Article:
Introducing oVirt virtual machine management via Vagrant.
Vagrant is a way to tool to create portable and reproducible environments. We can use it to provision and manage virtual machines in oVirt by managing a base box (small enough to fit in github as an artifact) and a Vagrantfile. The Vagrantfile is the piece of configuration that defines everything about the virtual machines: memory, cpu, base image, and any other configuration that is specific to the hosting environment.
- A fully working and configured oVirt cluster of any size
- A system capable of compiling and running the oVirt ruby SDK gem
- Vagrant 1.8 or later
- The oVirt vagrant plugin installed via
$ vagrant plugin install vagrant-ovirt4
To start off, I’m going to use this Vagrantfile:
Vagrant.configure("2") do |config| config.vm.box = 'ovirt4' config.vm.hostname = "test-vm" config.vm.box_url = 'https://github.com/myoung34/vagrant-ovirt4/blob/master/example_box/dummy.box?raw=true' config.vm.network :private_network, :ip => '192.168.56.100', :nictype => 'virtio', :netmask => '255.255.255.0', #normal network configuration :ovirt__ip => '192.168.2.198', :ovirt__network_name => 'ovirtmgmt', :ovirt__gateway => '192.168.2.125' # oVirt specific information, overwrites previous on oVirt provider config.vm.provider :ovirt4 do |ovirt| ovirt.url = 'https://ovirt/ovirt-engine/api' ovirt.username = "admin@internal" ovirt.password = "mypassword" ovirt.insecure = true ovirt.debug = true ovirt.cluster = 'Default' ovirt.template = 'vagrant-centos7' ovirt.console = 'vnc' end end
In the configuration file, there are some pieces on which to elaborate. The URL, password, and username should be self-explanatory. The
config.vm.network block has some special mappings (prefixed by
ovirt__) so that it can be used in any provider, as well as oVirt. Vagrantfiles can manage lifecycles across providers, which is why the oVirt-specific mappings are in a
config.vm.provider :ovirt4 configuration block as well.
ovirt4 configuration section, we have set SSL verify to off (to allow self-signed certificates), the cluster is set to
Default (and available in the oVirt UI), and the template to use as a starting point is
The base template will need to be created per your environment, but a starting helper script for redhat based distributions such as CentOS is available here. It basically installs some base packages like the oVirt agent but also sets up a local user
vagrant inside the VM that is required to proceed. Please read through it carefully.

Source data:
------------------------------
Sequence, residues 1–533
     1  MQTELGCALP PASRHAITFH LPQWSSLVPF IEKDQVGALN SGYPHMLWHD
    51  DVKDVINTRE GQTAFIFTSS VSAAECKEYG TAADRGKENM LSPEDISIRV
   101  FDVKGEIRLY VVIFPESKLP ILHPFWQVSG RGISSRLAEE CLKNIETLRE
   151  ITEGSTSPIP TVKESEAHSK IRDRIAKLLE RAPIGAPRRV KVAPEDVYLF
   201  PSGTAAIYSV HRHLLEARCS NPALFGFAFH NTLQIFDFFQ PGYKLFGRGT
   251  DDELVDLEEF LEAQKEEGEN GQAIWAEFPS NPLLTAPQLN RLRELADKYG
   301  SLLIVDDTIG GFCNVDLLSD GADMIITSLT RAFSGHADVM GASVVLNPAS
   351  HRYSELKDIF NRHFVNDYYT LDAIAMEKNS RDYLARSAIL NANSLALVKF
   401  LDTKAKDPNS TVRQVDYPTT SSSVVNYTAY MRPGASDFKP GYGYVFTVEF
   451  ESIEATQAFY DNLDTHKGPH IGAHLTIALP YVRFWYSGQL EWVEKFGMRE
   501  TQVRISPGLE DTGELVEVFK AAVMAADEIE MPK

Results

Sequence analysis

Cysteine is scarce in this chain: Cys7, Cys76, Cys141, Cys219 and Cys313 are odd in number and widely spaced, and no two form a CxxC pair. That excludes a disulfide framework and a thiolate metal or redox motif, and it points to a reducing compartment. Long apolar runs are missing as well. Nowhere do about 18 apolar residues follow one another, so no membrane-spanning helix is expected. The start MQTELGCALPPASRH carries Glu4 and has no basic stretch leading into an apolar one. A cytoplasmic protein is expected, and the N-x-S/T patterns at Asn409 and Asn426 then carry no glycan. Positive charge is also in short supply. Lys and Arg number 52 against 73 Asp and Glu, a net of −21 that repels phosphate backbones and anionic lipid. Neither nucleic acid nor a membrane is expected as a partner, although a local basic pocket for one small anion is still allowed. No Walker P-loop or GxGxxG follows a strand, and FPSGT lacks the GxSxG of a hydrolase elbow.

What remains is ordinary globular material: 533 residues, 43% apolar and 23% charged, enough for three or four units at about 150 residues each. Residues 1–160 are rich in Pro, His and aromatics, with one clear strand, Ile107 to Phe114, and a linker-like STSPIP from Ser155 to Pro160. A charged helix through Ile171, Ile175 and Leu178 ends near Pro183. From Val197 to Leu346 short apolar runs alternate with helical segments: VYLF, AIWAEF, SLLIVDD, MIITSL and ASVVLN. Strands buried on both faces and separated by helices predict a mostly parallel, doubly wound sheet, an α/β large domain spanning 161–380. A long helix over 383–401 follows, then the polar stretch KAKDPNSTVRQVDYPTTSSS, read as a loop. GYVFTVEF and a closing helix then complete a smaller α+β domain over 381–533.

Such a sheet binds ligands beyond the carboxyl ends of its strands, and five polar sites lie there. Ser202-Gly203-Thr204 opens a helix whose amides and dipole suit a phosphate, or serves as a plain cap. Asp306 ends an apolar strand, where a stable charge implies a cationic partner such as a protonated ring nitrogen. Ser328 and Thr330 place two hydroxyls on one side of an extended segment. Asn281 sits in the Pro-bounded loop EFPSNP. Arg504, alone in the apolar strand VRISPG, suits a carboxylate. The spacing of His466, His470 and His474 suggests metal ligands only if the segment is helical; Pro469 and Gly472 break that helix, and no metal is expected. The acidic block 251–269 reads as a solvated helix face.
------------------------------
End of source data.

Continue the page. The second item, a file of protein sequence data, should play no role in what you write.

Getting to it
In the directory where the
Vagrantfile lives, we can create and start a VM.
$ vagrant up Bringing machine 'default' up with 'ovirt4' provider... ==> default: Creating VM with the following settings... ==> default: -- Name: test-vm ==> default: -- Cluster: Default ==> default: -- Template: vagrant-centos7 ==> default: -- Console Type: vnc ==> default: Waiting for VM to become "ready" to start... ==> default: Starting VM. ==> default: Waiting for VM to get an IP address... ==> default: Machine is booted and ready for use! ==> default: Rsyncing folder: /home/vagrant/ => /vagrant ==> default: Setting hostname... default: default: Vagrant insecure key detected. Vagrant will automatically replace default: this with a newly generated keypair for better security. default: default: Inserting generated public key within guest... default: Removing insecure key from the guest if it's present... default: Key inserted! Disconnecting and reconnecting using new SSH key...
If you look in oVirt we now have a virtual machine named
We can do things such as manage snapshots:
$ vagrant snapshot list ==> default: Retrieving list of snapshots... id description date $ vagrant snapshot save somename ==> default: Creating snapshot... $ vagrant snapshot list ==> default: Retrieving list of snapshots... id description date 3dd34cbf-4698-446f-82bb-00ac66931411 somename 2017-02-10T05:34:53-06:00 $ vagrant snapshot delete 3dd34cbf-4698-446f-82bb-00ac66931411 ==> default: Deleting snapshot... $ vagrant snapshot list ==> default: Retrieving list of snapshots... id description date
We can SSH into the box or run commands via SSH:
$ vagrant ssh Last login: Wed Feb 8 21:27:23 2017 from marc-pc $ hostname test-vm $ logout Connection to 192.168.2.238 closed. $ vagrant ssh -c 'hostname; whoami' test-vm vagrant Connection to 192.168.2.238 closed.
We can also run provisioners against the machine. Add this to your Vagrantfile:
config.vm.provision "shell", inline: "whoami >> /home/vagrant/somefile"
Now let’s see what happens when we use it:
$ vagrant provision ==> default: Rsyncing folder: /home/vagrant/ => /vagrant ==> default: Running provisioner: shell... default: Running: inline script $ vagrant ssh -c 'cat ~/somefile' root Connection to 192.168.2.238 closed.
Lastly, we can tear down the VM and all of its artifacts:
$ vagrant destroy -f ==> default: Halting VM... ==> default: Waiting for VM to shutdown... ==> default: Removing VM...